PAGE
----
Conditional effects of institutional characteristics on the persistence of traditional-age students at four-year institutions of higher education
Among the many expected outcomes of higher education, many of which are difficult to quantify, there remains the clearly discernible goal of persistence toward degree attainment. If institutional variations have differing effects on traditional-age freshmen of varying racial, gender, or socioeconomic characteristics, that information has implications for program development and policy-making aimed at increasing the levels of degree attainment among selected populations.
The question of primary importance was: All else held constant, does institution attended (as differentiated by institutional control, selectivity, proportion of expenditures for academic support, proportion of student enrollment that is undergraduate, and average expenditures per student) affect the likelihood of student persistence during the freshman year? A corollary question was whether institutional characteristics had differing effects on the probability of persistence for students of various genders, racial groups, or socioeconomic levels. Guiding the research was the theoretical framework of Vincent Tinto (1975) who described student departure from college as a longitudinal process of interaction between the individual and the academic and social systems of the college.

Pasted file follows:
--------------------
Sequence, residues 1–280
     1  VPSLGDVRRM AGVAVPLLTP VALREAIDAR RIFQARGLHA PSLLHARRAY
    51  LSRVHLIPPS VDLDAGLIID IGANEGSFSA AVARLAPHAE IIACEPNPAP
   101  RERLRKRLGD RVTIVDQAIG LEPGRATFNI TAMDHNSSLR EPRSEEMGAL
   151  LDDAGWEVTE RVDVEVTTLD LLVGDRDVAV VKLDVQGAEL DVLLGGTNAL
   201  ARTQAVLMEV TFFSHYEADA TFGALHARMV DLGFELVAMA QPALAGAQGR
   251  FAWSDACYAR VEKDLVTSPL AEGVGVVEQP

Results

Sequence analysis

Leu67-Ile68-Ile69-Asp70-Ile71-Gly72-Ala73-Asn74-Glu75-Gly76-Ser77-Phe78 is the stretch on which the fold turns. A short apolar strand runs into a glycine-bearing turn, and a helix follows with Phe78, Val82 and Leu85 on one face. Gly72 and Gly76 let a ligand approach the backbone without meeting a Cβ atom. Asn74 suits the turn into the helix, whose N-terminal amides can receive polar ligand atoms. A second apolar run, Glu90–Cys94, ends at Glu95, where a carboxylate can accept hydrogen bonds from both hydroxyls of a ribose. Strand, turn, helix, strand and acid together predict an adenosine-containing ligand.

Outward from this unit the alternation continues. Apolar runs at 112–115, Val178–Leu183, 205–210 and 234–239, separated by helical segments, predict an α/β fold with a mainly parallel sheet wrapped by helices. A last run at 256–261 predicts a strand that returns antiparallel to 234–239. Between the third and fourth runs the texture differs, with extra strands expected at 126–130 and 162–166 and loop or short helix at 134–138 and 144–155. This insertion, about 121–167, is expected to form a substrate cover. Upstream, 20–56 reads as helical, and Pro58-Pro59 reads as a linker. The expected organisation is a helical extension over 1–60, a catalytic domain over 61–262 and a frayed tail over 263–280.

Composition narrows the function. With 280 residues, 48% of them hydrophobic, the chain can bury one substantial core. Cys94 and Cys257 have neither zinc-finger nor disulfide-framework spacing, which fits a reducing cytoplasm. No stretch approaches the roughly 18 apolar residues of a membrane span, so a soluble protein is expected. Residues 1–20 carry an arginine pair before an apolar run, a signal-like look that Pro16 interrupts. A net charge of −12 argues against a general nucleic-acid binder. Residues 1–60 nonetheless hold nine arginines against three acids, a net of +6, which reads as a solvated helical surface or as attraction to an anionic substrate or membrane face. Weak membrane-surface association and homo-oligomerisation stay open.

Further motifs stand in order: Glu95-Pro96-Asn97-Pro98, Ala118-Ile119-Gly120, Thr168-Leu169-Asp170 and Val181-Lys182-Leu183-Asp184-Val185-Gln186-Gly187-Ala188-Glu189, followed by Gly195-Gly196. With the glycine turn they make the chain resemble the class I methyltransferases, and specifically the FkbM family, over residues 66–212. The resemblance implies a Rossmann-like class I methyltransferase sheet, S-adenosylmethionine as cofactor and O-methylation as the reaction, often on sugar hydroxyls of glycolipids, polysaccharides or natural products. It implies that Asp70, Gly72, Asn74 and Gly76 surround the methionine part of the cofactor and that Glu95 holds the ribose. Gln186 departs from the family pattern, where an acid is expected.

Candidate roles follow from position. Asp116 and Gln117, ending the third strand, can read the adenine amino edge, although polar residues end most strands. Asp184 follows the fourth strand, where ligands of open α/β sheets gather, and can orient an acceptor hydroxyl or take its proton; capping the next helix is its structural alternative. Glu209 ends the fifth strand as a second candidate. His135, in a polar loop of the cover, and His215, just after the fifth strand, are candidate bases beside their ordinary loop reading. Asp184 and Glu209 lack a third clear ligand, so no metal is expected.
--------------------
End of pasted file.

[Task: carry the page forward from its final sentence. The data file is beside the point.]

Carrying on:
Multi-stage statistical procedures, including multi-factor analysis of variance and logistic regression were used to estimate the effects of institutional variables on the probability of persistence, controlling for student demographic variables, psychosocial factors and precollege education. Survey data collected by the National Center for Education Statistics (NCES) formed the dataset. Variables included characteristics of 722 four-year postsecondary institutions (360 private and 362 public) from the 1982 HEGIS/IPEDS dataset, matched with student survey and high school information for 2,447 students from the High School and Beyond (1980 Sophomore Cohort) and Postsecondary Educational Transcript Studies.
Findings substantiate the hypothesis that institutional effects on persistence vary by gender, race, and socioeconomic status. The likelihood of persistence increases for Caucasian and middle income students attending a private institution. Males, Caucasians, and poor students benefit from attending institutions with a high proportion of graduate students. Implications for practice, policy, and research in higher education, both on the macro- and micro-levels are included.
Academic guidance counseling
0519: Academic guidance counseling